It’s the kickoff meeting of a website redesign project. The Insivia team is sitting down with our client, ready to discuss the creative and business objectives of the website.

Almost invariably, the design need is voiced: “And we need the content above the fold. No scrolling.”

The client is voicing an important concern from design and business perspectives. At Insivia, we converse with clients and provide resources about usability, web trends, and the fold. However, we also treat the fold concern as an opportunity to discover some additional design needs. Usually, the needs fall into a two categories:

1. We need to make sure people see the most important information.
We do, too! Of course, this raises the question: What is the most important information? Here are some ways to help answer that question:

  • Interviews and surveys with your target audience.
  • Analytics tools.
  • Competitive analysis.
  • Mental mapping with your team (Sometimes you may find that different stakeholders have different opinions.).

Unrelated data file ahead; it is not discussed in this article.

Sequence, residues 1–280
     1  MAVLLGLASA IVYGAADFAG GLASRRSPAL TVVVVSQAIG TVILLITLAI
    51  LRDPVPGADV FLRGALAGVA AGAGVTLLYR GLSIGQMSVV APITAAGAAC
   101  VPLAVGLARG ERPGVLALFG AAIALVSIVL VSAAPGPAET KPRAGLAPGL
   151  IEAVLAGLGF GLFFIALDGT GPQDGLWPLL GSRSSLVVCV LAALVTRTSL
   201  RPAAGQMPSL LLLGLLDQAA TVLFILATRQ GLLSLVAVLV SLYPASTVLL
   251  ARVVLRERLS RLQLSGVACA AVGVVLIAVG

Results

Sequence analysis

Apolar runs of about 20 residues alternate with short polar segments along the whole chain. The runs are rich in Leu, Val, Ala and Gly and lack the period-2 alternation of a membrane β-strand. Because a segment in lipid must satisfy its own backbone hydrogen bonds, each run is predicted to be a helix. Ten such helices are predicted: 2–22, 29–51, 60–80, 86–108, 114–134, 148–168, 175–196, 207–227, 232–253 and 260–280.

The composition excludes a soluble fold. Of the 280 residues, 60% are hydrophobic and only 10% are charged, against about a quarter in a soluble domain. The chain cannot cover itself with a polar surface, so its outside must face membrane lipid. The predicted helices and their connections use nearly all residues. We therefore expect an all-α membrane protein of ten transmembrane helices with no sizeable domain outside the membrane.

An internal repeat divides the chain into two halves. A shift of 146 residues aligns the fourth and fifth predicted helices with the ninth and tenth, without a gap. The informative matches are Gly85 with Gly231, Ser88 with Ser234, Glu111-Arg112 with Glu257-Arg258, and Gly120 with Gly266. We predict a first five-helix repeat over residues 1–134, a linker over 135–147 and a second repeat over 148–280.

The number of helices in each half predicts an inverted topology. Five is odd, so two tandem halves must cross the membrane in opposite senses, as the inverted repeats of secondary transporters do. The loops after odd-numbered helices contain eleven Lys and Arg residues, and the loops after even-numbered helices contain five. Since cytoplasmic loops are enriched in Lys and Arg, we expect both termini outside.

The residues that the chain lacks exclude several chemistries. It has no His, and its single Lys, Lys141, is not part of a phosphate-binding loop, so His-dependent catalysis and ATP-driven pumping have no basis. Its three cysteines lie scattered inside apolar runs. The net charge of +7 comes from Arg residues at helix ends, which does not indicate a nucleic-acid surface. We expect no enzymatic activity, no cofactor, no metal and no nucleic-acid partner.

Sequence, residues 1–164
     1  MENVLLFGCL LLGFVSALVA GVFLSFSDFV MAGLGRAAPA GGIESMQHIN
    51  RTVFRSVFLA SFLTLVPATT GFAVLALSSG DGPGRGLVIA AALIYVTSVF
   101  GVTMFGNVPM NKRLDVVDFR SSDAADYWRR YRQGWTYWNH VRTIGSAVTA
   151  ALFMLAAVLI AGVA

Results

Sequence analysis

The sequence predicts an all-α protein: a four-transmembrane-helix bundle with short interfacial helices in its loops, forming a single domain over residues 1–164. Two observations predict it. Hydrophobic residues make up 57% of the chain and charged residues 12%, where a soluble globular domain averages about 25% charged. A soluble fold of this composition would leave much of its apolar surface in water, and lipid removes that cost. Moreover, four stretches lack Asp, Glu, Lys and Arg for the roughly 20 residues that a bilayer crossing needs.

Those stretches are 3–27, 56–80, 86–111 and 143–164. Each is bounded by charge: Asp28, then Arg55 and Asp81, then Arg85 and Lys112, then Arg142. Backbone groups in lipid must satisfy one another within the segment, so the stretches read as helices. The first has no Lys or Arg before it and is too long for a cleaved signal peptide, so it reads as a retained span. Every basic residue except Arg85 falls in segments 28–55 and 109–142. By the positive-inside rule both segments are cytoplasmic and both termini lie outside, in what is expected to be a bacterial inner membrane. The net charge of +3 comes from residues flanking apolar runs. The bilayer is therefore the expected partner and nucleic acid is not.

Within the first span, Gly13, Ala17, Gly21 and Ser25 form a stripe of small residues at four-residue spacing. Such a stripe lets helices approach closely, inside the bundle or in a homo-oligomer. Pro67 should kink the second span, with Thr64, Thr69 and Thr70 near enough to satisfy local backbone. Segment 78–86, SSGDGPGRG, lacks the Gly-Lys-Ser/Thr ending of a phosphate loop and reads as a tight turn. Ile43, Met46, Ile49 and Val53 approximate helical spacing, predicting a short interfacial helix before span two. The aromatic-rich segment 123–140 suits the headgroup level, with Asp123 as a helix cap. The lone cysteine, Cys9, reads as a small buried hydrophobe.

When reviewing your research, you may be surprised by the answers of what’s important to the people who matter most—your target audience.

Next question: What’s the best way to make sure your audience sees the most important information? Maybe it’s not always text, and it’s certainly not going to be just paragraphs of content. Think about different media for your content: text, interactive and static diagrams, images, videos, etc. Think about style and length to keep people informed and engaged.

One more thought: remember that the whitespace is not always wasted space. It really helps users retain information and read. Just like an uncluttered desk, it makes focusing easier and accentuates the most important items. It’s creating balance and making what’s important stand out even more.

2. People won’t know to scroll.
Ah. Well, chances are that they will. Andy has a great post about encouraging visitors to scroll through design techniques. More importantly, studies show users are accustomed to scrolling, and it’s very common these days on sites that your users are bound to use: search engines, news sites, and webmail are just a few that your users likely visit daily.

So, when thinking about the fold, take a step back from the layout concern, and start thinking about your content and your users. When people get to your site, immediately they should be able to see and read who you are, what you do, and what sets you apart. That’s the information they need to see, and that’s the information that will help them decide you’re the right group for them.